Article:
Two incumbents on the Mercedes ISD Board of Trustees with each face a lone challenger in the November election, while two newcomers will square off for an undefended seat.
Current Board President Oscar “Big O” Riojas will face Lucy Alvarado Delgado for the Place 5 seat, while incumbent Elvia Sandoval will run against Pete “Capt.” Martinez III for Place 6, and Horacio Pequeno will contend with Eddie Howell Jr. for Place 7.
Place 7 incumbent Arturo Ayala Jr. did not file to run for reelection.
Oscar “Big O” Riojas, 45, currently works as the executive director of athletics and district facilities at Weslaco ISD.
Riojas says over 20 years in a variety of education positions, along with his previous board experience qualify him to continue to serve.
“I feel like I bring a lot of experience,” he said. “I certainly believe that public education is the best, and we provide well-rounded students with not just a quality education but lots of opportunities to help the individual grow and become a productive member of our community.”
Strengthening curriculum and working toward financial stability top Riojas’ list of priorities if he wins another term, along with school safety.
“Right now we’re fighting an invisible threat with COVID-19, so we’re working tirelessly to prepare our schools for that. But there’s always something we are having to alert ourselves to and protect ourselves from, so school safety is very important,” he said. “Financial integrity is very important, obviously curriculum and instruction are very important.”
Lucy Alvarado Delgado, a 56-year-old who’s spent most of her career working in human resources and the correctional detentions industry, thinks she can do a better job on the board.
Delgado, who says her three daughters attended the district, says her ties to the community and experience working with the district as a parent give her a perspective uniquely useful for a board trustee.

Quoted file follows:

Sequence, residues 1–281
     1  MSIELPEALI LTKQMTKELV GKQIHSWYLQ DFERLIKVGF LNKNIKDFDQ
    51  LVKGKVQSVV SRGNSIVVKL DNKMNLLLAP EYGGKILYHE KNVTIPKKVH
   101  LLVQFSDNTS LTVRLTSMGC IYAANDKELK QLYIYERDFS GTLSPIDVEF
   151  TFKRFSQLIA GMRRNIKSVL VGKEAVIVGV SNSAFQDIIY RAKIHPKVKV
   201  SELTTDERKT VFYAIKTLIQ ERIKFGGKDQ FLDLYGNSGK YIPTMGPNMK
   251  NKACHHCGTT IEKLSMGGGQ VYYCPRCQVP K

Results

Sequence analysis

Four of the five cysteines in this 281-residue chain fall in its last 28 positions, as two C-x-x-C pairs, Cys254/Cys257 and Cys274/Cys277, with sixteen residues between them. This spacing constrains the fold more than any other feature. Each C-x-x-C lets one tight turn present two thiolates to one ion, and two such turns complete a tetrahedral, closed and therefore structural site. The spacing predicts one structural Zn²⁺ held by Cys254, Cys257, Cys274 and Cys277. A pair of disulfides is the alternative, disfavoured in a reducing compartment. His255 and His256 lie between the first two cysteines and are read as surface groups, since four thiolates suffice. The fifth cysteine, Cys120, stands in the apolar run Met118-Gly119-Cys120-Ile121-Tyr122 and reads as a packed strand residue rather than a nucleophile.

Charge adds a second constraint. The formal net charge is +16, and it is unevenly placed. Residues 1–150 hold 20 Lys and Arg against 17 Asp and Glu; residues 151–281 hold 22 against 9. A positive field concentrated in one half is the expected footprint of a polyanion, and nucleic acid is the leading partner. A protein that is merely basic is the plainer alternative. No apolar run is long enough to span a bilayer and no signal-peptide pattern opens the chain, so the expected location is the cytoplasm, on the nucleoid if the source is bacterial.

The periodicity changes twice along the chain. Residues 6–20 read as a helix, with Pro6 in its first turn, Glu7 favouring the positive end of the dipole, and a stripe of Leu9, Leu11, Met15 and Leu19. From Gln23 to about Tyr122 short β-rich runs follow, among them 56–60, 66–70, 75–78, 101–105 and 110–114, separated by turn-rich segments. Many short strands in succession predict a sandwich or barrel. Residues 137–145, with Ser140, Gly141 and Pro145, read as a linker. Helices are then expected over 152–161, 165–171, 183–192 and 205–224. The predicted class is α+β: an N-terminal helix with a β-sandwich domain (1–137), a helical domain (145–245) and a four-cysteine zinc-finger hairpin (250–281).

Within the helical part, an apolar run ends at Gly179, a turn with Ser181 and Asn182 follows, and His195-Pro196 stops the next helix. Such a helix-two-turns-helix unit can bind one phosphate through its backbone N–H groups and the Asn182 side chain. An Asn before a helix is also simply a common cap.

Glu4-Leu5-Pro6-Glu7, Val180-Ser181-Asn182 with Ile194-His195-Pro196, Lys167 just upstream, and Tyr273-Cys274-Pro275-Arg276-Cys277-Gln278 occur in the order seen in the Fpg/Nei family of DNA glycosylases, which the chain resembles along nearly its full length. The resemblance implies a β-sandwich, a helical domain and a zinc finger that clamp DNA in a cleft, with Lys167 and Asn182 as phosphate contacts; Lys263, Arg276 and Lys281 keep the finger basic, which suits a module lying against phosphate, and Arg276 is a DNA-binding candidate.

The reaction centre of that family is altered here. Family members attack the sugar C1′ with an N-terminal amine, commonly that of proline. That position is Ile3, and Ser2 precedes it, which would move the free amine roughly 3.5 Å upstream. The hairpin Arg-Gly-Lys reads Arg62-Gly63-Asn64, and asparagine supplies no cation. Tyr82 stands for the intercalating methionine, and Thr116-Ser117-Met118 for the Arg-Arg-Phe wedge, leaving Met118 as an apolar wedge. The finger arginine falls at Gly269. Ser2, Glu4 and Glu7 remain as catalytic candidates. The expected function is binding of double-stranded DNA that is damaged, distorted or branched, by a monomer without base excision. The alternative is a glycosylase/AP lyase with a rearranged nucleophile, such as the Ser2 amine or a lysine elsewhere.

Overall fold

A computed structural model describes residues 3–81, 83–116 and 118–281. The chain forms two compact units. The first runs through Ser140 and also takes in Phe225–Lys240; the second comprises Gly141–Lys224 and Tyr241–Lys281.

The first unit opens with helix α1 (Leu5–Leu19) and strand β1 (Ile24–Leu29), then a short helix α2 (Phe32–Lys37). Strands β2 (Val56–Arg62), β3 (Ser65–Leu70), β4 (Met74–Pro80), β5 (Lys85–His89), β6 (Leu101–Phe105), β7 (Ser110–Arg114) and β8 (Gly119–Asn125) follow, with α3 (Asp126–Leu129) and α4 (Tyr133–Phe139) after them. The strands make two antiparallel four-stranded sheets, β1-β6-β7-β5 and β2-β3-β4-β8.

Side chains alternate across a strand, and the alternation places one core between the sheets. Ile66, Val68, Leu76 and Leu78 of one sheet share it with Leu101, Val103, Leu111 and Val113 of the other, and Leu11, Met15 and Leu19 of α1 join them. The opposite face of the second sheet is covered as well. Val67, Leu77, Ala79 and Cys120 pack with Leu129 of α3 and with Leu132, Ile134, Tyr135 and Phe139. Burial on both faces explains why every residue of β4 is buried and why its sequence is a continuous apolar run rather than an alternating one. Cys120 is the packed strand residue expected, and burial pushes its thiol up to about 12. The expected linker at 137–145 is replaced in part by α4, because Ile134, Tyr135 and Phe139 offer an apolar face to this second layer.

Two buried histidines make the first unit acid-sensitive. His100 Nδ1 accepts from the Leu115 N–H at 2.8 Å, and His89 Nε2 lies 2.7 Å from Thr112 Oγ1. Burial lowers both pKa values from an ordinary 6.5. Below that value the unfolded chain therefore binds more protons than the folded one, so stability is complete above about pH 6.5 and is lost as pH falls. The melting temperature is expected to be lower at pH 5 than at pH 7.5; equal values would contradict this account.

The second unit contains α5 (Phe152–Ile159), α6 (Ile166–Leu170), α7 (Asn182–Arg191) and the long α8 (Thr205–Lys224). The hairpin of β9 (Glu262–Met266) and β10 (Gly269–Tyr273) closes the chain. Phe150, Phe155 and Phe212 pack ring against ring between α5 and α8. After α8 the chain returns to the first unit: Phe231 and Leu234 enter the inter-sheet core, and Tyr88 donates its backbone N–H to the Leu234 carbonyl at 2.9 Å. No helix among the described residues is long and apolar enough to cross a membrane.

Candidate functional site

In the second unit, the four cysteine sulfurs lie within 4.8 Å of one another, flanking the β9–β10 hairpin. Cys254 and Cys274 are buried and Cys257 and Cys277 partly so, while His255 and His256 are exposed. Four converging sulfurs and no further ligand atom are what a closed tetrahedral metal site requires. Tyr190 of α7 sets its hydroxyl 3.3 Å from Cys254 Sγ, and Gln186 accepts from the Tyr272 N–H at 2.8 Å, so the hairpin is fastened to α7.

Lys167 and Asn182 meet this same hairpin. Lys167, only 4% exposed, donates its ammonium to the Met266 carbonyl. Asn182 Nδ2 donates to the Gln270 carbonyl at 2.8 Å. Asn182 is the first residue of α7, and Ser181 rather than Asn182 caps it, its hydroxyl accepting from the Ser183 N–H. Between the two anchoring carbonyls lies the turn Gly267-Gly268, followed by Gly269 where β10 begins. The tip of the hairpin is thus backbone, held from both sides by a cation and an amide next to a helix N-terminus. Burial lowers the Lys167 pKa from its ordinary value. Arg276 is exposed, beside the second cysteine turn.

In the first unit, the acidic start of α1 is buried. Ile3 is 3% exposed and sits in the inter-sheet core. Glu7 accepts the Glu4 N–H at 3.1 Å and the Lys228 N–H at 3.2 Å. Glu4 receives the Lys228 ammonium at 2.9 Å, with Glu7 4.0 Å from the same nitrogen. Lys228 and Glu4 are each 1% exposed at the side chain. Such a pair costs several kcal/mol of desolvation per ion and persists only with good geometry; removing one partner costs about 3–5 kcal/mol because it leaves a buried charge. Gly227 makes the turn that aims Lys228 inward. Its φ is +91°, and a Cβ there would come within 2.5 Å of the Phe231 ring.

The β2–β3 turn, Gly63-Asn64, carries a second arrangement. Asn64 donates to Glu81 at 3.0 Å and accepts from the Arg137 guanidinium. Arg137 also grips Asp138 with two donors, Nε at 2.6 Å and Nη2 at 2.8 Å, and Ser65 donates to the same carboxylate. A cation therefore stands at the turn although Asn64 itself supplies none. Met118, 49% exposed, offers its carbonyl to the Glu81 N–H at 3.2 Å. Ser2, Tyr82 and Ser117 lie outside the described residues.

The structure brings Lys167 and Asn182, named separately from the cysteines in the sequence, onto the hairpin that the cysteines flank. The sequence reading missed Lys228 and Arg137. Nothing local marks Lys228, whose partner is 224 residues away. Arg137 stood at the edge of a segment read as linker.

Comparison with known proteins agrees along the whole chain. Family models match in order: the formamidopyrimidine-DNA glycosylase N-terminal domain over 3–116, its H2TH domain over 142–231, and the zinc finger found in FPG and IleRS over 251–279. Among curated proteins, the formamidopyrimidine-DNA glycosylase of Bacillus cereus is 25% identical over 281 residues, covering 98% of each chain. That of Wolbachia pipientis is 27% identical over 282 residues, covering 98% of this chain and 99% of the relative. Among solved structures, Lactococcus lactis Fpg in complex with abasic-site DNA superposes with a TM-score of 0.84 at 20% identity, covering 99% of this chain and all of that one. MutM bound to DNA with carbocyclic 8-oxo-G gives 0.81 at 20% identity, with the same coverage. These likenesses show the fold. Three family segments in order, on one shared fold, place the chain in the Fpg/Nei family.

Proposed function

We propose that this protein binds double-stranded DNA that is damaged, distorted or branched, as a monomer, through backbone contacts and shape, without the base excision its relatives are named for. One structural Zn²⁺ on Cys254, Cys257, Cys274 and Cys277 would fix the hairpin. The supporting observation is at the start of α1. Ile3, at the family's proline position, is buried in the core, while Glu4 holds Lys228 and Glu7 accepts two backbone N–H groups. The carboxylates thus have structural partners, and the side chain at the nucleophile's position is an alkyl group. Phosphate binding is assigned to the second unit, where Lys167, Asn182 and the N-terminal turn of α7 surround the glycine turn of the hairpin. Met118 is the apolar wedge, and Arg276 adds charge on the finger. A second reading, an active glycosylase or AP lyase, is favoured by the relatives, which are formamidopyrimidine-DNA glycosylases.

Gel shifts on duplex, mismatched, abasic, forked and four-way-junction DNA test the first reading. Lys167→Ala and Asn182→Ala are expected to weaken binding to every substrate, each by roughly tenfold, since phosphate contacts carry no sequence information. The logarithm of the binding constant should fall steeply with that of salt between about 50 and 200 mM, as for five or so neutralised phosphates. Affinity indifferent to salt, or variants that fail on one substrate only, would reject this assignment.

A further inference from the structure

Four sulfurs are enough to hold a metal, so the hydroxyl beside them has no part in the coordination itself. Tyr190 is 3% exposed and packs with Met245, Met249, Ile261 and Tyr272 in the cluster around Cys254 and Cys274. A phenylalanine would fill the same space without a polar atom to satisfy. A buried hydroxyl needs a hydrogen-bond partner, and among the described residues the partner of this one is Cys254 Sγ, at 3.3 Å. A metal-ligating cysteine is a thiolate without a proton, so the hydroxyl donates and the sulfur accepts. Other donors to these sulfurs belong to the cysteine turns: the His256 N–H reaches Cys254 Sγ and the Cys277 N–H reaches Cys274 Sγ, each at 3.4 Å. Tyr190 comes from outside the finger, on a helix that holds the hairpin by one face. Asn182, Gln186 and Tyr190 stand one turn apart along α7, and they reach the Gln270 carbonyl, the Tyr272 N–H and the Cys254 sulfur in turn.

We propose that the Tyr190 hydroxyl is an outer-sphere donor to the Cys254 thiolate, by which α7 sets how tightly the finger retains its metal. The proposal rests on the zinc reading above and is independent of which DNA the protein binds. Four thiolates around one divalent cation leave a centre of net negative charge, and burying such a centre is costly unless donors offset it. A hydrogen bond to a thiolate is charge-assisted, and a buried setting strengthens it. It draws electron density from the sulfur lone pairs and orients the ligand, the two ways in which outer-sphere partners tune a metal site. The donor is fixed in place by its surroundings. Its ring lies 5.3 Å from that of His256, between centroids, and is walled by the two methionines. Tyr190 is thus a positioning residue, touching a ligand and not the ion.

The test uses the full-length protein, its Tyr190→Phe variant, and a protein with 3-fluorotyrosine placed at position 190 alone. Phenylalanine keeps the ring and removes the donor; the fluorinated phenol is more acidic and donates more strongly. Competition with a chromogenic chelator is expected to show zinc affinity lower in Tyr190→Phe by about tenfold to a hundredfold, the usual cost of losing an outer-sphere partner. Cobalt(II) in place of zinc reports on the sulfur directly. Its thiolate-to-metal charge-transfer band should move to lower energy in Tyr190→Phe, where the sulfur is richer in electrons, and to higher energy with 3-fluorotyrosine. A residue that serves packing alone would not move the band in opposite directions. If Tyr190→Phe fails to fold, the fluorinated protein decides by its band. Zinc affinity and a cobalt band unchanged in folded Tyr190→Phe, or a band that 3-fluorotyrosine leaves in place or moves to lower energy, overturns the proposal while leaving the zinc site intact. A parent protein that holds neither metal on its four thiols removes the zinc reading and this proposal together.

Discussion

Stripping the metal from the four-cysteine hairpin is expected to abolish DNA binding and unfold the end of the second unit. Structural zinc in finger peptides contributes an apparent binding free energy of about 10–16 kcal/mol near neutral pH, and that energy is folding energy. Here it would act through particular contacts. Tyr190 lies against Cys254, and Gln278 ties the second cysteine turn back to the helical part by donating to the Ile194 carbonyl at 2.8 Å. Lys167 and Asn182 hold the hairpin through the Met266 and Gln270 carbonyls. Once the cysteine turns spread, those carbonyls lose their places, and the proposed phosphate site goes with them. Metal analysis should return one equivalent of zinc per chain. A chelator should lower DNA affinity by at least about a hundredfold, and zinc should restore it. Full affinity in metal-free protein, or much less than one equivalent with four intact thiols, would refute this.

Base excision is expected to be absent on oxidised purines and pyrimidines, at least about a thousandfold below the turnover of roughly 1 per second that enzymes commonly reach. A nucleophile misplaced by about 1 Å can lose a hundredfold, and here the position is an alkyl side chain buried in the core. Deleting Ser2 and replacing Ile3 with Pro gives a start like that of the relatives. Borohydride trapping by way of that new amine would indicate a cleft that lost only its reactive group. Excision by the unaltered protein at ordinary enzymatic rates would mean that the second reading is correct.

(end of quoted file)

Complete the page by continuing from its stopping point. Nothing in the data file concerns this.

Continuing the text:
“I am a parent, and I’ve attended the meetings, I’ve been involved in a parental advisory committee where we met with the superintendent and some of the parents,” she said.
Along with responsible budgeting and keeping standards of education up to par, Delgado says she would work to improve communication between the district and the community.
“I’ve seen a sense of detachment between our district and our community,” she said. “It’s just opening up that communication between our school board and our community and the parents. Parents need information.”
Elvia Sandoval, 71, is a retired classroom teacher who continued to substitute teach up to the beginning of the pandemic.
Sandoval says over 35 years in education qualify her for the role of trustee.
“I have the experience of the educational background as far as curriculum,” she said. “I’ve been aware of the finances, now we are in a finance situation, so I feel that I’m qualified because I do have that information and background.”
Along with improving the district’s financial and academic standing, Sandoval says pandemic preparedness would top her list of goals for a fourth term on the board.
“I know a lot of parents are very scared, a lot of employees are scared because of the position this pandemic has put us in,” she said. “So my priority will be safety for everyone involved, and of course I want our academics to improve and also our finances, we need to move forward on that.”
Sandoval’s challenger for the seat, Pete “Capt.” Martinez III, a retired educator/fishing guide, did not respond to requests for comment as of press time.
Eddie Howell Jr., the owner of Howell Insurance, will contest with Horacio Pequeño, the 54-year-old executive director of the Mercedes Housing Authority, for Place 7.
Attempts to reach Howell for comment have been unsuccessful.
Pequeño, who previously served on the board, says that experience along with his business experience make him a good fit for the seat.
“I think the experience that I bring to the table is that I have already served four years as a school board member,” he said. “I have worked with budgets in my employment, and I think one of the most important things is to have experience coming into a bigger organization.”
If elected, Pequeño says he would work toward improving communication with the community.
“To be more out in the community, to have more input from community members — I think that would go a long way,” he said.